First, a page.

The percentage of land covered by forests in Zambia decreased from 59.8% in 1992 to 56.4% in 2005 (MDGR). With regards to sustainable access to drinking water and sanitation, the proportion of households that have access to safe water has increased from 47% in 1996 to 60% in 2006 (MDGR), while the goal is 75.5%. Additionally, the share of the population with access to improved sanitation shrank from 74% in 1991 to 63.9% in 2006 (MDGR). Since the trends exhibited by some of these indicators go in the direction opposite to the MDG targets, this goal remains a challenge. Better coordination and understanding between national policies and local communities, including community management of forestry resources, would enhance fauna and flora conservation, while policies to curb illegal and unplanned urban settlements, and addressing of under-investments in water and sanitation services through public-private partnerships could foster progress to meet this goal.
MDG 8: Developing a global partnership for development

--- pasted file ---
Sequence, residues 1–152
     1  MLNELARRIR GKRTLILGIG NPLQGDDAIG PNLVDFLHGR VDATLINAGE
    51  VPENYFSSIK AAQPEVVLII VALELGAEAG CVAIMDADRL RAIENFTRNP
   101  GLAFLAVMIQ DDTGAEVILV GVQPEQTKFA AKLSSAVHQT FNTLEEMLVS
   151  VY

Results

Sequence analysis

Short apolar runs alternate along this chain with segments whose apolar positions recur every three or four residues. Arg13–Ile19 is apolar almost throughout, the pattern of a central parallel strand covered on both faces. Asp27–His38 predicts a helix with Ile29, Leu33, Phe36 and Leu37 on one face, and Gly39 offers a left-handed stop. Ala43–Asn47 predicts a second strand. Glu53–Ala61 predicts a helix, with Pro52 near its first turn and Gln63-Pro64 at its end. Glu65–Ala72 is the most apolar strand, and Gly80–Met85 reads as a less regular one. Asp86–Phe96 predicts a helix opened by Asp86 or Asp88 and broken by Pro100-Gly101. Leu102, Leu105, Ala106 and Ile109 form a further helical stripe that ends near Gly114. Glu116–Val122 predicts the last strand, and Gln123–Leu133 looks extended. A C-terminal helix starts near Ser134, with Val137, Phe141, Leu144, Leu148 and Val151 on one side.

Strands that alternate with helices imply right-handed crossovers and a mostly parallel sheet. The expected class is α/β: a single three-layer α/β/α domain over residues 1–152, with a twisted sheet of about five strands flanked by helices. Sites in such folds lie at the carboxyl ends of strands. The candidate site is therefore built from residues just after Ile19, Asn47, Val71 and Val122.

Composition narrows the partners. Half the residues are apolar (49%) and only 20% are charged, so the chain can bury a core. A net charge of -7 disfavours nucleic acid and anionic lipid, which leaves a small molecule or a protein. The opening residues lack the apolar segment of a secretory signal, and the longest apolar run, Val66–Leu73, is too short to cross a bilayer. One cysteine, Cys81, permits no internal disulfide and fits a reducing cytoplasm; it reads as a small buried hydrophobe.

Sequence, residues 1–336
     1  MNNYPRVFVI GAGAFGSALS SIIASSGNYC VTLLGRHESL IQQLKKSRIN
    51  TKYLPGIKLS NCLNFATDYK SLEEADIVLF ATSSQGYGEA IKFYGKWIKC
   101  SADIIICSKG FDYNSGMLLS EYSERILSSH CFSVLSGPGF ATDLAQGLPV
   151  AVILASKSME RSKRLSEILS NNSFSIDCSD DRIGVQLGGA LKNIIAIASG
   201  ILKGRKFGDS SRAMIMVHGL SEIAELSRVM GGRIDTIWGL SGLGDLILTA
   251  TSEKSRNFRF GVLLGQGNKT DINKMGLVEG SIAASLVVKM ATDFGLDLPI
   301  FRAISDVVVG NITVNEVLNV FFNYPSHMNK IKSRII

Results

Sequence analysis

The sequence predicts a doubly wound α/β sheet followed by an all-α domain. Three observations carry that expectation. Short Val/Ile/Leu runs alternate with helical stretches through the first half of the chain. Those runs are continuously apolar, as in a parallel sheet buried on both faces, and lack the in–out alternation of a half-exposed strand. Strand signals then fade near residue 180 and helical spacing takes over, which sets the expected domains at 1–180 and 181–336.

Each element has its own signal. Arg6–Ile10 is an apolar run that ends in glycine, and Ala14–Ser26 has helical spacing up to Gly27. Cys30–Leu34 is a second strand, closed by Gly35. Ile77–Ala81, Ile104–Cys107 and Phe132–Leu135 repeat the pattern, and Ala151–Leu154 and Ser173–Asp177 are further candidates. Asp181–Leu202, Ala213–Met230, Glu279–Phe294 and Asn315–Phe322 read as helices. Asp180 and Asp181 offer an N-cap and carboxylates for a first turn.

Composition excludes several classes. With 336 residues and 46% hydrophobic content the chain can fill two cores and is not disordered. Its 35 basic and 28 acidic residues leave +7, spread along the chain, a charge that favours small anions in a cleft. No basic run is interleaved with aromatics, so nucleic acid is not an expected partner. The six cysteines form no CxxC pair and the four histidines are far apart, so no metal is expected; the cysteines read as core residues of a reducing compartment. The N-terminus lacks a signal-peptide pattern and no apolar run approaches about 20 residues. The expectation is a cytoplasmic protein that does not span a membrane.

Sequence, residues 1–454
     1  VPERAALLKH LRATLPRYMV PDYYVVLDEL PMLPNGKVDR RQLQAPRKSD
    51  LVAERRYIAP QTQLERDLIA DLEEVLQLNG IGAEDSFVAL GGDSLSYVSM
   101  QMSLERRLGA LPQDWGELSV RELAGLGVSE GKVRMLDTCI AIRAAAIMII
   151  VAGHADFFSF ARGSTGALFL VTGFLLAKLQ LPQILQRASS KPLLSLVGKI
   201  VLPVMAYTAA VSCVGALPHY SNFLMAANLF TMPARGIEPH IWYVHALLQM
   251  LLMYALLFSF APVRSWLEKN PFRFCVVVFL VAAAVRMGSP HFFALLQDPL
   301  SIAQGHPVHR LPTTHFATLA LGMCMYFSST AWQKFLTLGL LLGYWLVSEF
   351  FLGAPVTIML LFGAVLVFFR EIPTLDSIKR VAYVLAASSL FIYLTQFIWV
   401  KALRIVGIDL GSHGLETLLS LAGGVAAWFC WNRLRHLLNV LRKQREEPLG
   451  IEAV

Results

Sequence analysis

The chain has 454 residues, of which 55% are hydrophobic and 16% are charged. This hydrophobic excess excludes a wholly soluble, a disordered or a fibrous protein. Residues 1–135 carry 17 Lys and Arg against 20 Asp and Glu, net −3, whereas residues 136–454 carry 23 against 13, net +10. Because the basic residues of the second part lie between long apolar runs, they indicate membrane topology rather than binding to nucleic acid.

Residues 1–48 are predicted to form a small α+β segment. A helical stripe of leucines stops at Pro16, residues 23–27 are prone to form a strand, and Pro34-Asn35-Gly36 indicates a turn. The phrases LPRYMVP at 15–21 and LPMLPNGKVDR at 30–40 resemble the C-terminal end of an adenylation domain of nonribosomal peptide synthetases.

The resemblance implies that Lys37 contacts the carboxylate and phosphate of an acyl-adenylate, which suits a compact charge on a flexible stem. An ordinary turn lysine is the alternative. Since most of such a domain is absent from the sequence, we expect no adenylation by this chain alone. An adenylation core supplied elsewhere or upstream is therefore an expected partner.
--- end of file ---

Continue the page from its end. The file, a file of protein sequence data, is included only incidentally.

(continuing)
During the last few years Zambia has regained macroeconomic stability, brought inflation down to single digits and consistently had growth rates over 5%. The Highly Indebted Poor Country Initiative (HIPC) and Multilateral Debt Relief Initiative (MDRI) contributed to such stability. The stock of external public debt dropped from $6,005 million in 1999 to $934 million in 2006 (MDGR). However, external public debt since 2006 has increased to $1,521 million in 2009 (BOZ). In 2010 Zambia is considered the 6th best country in Africa to do business (WB). This context has attracted significant foreign direct investments (FDI). From 1995 to 2005 the country received an annual average of $211 million of FDI, and from 2006 to 2009 the figure rose to $960 million (UNCTAD). Similarly, Official Development Aid (ODA) increased from $475 million in 1990 to $1,086 million in 2008 (OECD). Socioeconomic development has been fostered as a result of these flows. The number of cell phones per 1,000 people soared from 0.7 units in 1997 to 143.7 in 2006 (CAZ). However, much needs to be done in terms of competitiveness, as Zambia is ranked 115 out of 139 (WEF). Policies should be targeted at easing supply-side constraints, such as transportation, storage, communication and access to markets. While the domestic revenue base has to be expanded and the fiscal space used to increase investments in human development, donors must also meet the target of 0.7% ODA/GDP agreed in Gleneagles.